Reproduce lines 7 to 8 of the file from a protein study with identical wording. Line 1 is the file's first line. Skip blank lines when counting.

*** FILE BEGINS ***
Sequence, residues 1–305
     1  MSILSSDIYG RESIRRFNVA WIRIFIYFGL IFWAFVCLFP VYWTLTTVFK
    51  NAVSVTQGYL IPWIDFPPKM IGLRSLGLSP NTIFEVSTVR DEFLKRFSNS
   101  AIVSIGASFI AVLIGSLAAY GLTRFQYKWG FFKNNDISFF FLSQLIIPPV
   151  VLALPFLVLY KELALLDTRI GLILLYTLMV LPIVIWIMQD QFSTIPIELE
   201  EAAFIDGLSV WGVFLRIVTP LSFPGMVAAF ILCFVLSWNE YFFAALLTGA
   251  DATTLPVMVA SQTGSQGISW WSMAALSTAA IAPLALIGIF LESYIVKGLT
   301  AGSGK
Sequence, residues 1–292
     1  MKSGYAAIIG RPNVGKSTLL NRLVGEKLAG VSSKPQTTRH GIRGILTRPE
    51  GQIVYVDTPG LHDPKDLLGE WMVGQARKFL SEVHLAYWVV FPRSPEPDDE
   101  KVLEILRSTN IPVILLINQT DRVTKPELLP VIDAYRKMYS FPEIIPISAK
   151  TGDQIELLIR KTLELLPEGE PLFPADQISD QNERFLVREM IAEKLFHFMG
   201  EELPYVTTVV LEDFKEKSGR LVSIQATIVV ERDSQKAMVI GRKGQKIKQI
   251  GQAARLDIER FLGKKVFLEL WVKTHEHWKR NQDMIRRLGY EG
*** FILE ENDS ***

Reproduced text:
   251  DATTLPVMVA SQTGSQGISW WSMAALSTAA IAPLALIGIF LESYIVKGLT
   301  AGSGK